Students Come Back Changed

Posted in GUMC Stories

Steven Andelman never expected to be so wowed by the medicine he saw practiced in Ecuador. Physicians at the Hospital Eugenio Espejo in Quito — a large tertiary care center that cares for Ecuador’s poorest patients — seemed almost like wizards. They could diagnose a biliary tract tumor by touch, tuberculosis by listening and an infection in spinal vertebrae by tapping on bone.

“These physicians are true masters of physical diagnosis — I don’t think some of the things I saw would happen in an American hospital,” says Andelman, who just graduated from the Georgetown University School of Medicine with his M.D. degree. 

During his final block of classes at Georgetown University School of Medicine, Andelman took an international elective to provide, as he says, “a capstone to my time spent at Georgetown. My thought is that I would be able to utilize all that I learned over the past four years to help care for patients.”

Little did he know that the experience in April would add so much more to his education.

Andelman’s reaction mirrors what many fourth-year students who have taken the elective tell Irma Frank, DDS, who has directed the program for the past 20 years. “In fact, students have told me that they think the doctors they meet in this program are magicians,” she says with a laugh. “They say the doctors talk a lot to the patients and in that way, they diagnose their disease, and they explain the illness so the patients are well-informed and take part in their healing. Patients become well,” Frank says. “These are good clinicians. They get all the information they need from the patients without using scans and other advanced tests. They have to.”

She makes sure the students chosen for the elective go for the right reasons, based on the Georgetown mission of cura personalis. The international program is a draw for many fourth-year medical students at Georgetown, but Frank, who was born in Colombia, carefully selects the students that participate in international elective rotations in 20 countries at hospitals and universities that she has personally built relationships with. She sits down with all applicants to make sure they understand the difference between an international “trip” and an “educational program.” As in every elective, students are evaluated on their performance, and they are required to report their experiences. About 30 percent of the senior class participates in the elective.

There is a reason Frank has been described as the head and the heart of the program. Not only is she meticulous about the details, which includes a continuing eye on the safety of the students who participate, she also makes sure that students who cannot pay for travel expenses will have funding.

She freely admits that the program, which she was asked to start after Georgetown’s Dental School closed, eliminating her position as faculty in the school, is her life’s work. “You are exposing students to different situations that change their lives and make them better students, while following the mission of the medical center — academic excellence and service to others.”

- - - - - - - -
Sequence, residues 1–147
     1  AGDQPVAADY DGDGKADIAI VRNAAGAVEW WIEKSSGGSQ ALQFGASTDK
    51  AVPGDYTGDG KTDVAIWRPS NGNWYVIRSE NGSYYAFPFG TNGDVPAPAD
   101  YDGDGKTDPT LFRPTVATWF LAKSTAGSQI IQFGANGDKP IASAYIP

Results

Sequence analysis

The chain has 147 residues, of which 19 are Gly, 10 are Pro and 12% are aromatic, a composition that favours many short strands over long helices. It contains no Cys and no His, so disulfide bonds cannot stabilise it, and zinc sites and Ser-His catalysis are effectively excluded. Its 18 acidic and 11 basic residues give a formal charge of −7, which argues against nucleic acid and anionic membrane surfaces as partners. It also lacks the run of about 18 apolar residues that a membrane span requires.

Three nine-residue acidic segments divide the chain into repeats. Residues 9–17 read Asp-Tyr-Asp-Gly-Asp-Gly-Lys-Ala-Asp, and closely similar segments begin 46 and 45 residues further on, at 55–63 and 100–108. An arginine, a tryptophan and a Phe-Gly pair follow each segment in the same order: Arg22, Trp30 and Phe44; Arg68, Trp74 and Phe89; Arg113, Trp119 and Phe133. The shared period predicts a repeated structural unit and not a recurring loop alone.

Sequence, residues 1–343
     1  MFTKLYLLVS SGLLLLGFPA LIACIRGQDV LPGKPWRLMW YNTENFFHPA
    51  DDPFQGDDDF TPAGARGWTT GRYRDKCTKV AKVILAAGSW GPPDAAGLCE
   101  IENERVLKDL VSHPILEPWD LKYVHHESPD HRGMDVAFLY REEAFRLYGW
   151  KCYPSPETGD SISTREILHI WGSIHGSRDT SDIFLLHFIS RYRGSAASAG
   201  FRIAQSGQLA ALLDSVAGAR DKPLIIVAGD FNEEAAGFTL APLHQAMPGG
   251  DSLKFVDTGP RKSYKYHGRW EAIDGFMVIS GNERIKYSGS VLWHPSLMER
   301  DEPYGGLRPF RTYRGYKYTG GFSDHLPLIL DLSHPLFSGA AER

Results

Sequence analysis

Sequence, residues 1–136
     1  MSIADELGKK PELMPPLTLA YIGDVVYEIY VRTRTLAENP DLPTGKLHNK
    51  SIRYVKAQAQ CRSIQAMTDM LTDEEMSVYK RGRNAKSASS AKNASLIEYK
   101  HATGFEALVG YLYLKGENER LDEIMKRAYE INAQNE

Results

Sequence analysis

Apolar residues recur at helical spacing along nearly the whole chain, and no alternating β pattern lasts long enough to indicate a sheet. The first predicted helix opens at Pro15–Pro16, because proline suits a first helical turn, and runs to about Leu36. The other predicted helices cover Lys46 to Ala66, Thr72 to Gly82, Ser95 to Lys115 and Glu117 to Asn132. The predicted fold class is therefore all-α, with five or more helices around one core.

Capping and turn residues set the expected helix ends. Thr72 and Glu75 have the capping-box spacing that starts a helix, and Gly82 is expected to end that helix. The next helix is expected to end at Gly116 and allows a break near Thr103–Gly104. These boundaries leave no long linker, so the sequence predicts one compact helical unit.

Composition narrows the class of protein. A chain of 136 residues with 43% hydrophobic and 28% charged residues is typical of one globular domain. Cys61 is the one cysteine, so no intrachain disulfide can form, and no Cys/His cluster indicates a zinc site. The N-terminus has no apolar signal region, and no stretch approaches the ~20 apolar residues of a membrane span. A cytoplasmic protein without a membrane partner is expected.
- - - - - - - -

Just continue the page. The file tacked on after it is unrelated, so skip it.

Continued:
One of the best experiences in med school

Angel Peng also was amazed — a word many students use — at how different the approach to medicine was in South Africa, compared with what she has learned and seen at Georgetown. “The attendings could guess a patient’s past medical history just by looking at them. They emphasize that diagnosis should be made by seeing, hearing and touching,” says Peng, who also received her M.D. in May. “Their physical examinations were the most comprehensive I’ve ever seen.”

Frank is not surprised that Peng appreciated the lessons that were offered to her this April in Cape Town. “A lot of students come back changed. Some have said that this elective was one of the best experiences they have had in their four years of medical school.

“It often isn’t easy for them,” she adds. “The clinics can be basic. Sometimes they don’t even have running water — but it doesn’t matter.”

Andelman is now starting a residency in orthopaedic surgery at Mount Sinai Hospital in New York. Andelman knows his “amazing” experience in Ecuador will help him “grow as a future physician. I will be taking care of patients in New York City from all over the world. Each patient will bring with them their own cultural background and their own perspective on health and healing. By having had the opportunity to experience a culture outside of the United States — to see how they interact with and form relationships with their physicians — I feel that I will have a better appreciation for my patients, regardless of their cultural background.”

Peng, who moved to New York City from China when she was six, is returning to the city for a residency in internal medicine. She is certain that the skills she acquired in Cape Town will help her become more intimate with patients and their backgrounds to the point that she will be able to assess clinical improvement with much more ease.

Chrissy Herforth also described her experience as “amazing.” Given her Irish ancestry, she chose to work with physicians on the stroke service at St. James Hospital in Dublin. She took away several lessons. One is that having a “ward room” with up to eight patients is very therapeutic to patients. “It created a sense of community and was especially conducive to patient rehabilitation after stroke,” she says. “Patients who suffered with depression, which is common after a stroke, typically did better in these larger rooms than in the private rooms.”

Herforth also appreciated the “tough love” physicians doled out to their patients. “They were a little more direct,” which had beneficial effects, she says. “This is something I hope to take with me in my future practice,” says Herforth, a recent graduate who will serve as a Navy physician after serving a residency.

(Published May 29, 2013)